Even though Colorado may be a pot-smoker’s haven, failing a drug test at work can still get employees fired.
A Colorado Court of Appeals ruling announced Thursday that there is no legal protection for employees who smoke medical marijuana because the drug is still outlawed by the federal government.
"For an activity to be lawful in Colorado, it must be permitted by, and not contrary to, both state and federal law," the appeals court stated in its 2-1 conclusion.
The decision comes on the heels of the more widespread legalization of marijuana in states such as Colorado and Washington, and as employers are finding it increasingly difficult to punish high employees when they haven’t technically done anything illegal.
The appeals case involved a Colorado man named Brandon Coats, 33, and his former employer, Dish Network LLC. Coats, who was paralyzed in a crash when he was a teenager and now uses medical marijuana to help with muscle spasms, was fired from his job as a telephone operator after he tested positive on a company-wide drug test.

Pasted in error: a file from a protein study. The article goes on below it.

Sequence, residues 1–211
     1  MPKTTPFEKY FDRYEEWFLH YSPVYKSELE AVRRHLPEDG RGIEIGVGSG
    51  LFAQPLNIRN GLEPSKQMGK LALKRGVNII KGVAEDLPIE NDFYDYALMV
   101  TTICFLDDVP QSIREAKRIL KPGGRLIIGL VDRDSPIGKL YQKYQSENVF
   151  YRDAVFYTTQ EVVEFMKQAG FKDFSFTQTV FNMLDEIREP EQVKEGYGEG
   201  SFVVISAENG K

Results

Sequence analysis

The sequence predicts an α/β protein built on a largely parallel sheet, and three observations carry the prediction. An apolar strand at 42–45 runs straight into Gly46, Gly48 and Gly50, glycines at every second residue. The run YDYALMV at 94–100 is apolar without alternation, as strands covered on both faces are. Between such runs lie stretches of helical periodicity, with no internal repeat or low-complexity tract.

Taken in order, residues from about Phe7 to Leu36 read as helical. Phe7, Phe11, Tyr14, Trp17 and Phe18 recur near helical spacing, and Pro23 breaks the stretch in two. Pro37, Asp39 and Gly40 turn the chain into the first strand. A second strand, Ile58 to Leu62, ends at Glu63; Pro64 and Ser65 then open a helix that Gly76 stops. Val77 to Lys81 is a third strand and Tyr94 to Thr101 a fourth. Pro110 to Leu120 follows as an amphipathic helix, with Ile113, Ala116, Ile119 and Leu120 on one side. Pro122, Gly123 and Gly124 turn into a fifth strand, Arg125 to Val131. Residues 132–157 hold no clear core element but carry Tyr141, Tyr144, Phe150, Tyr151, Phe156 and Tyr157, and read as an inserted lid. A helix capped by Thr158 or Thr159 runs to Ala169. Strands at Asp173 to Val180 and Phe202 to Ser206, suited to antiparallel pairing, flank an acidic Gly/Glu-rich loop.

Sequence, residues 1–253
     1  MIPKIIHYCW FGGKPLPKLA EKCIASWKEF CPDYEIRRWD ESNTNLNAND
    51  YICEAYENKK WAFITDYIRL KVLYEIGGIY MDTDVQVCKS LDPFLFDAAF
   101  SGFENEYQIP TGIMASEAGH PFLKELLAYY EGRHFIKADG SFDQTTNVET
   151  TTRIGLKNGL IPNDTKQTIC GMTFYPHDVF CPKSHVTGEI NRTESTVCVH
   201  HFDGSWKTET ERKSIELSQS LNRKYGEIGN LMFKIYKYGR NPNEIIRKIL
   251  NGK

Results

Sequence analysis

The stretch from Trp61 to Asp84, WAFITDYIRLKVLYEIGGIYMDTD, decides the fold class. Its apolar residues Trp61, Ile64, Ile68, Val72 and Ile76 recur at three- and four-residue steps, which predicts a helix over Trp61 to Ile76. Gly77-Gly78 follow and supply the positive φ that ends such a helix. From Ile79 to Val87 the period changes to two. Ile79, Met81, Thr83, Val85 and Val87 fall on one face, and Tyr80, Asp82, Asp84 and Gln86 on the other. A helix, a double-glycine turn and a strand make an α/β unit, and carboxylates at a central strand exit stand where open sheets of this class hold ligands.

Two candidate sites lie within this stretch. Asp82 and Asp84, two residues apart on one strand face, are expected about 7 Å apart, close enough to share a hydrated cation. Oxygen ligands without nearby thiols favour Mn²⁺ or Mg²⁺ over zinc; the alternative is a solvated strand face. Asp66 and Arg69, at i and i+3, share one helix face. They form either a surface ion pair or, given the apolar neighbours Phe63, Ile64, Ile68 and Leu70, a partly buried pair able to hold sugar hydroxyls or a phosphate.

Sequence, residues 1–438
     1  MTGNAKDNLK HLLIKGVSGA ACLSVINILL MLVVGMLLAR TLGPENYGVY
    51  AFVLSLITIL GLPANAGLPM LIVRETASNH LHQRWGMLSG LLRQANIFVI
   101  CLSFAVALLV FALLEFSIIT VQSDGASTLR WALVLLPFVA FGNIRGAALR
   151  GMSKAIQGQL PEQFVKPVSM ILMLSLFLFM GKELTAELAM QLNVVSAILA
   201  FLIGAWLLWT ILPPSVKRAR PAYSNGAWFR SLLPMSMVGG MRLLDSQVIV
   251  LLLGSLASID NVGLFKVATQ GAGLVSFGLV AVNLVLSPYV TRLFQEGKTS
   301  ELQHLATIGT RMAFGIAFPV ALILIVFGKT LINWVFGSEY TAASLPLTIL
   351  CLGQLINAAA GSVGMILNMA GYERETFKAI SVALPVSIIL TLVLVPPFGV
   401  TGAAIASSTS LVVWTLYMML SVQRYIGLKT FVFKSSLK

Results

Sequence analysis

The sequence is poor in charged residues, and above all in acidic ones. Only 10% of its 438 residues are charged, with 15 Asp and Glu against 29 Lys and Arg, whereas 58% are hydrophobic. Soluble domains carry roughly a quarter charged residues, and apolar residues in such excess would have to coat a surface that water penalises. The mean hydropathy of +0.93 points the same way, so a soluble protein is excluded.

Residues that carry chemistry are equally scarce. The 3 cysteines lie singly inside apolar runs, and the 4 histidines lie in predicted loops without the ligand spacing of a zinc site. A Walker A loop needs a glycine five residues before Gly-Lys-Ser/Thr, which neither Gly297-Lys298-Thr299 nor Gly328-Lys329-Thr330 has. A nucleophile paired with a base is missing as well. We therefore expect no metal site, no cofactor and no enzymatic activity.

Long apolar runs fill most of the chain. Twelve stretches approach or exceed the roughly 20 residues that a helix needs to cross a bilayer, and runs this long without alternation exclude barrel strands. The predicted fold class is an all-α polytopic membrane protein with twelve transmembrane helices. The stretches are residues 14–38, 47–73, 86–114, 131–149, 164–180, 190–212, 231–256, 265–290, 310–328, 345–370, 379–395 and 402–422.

Coats was fired in 2010, but claims his employer never believed him to be impaired on the job.
Coats, and his attorney Michael Evans, attempted to win the case by arguing Colorado's Lawful Off-Duty Activities law, a law that protects cigarette smokers from getting fired for smoking off-duty, should also apply to medical marijuana users in Colorado, where smoking pot is a legal activity.
Evans issued a statement saying they intend to pursue an appeal on the decision.
"This case not only impacts Mr. Coats, but also some 127,816 medical marijuana patient-employees in Colorado who could be summarily terminated even if they are in legal compliance with Colorado state law," Evans stated.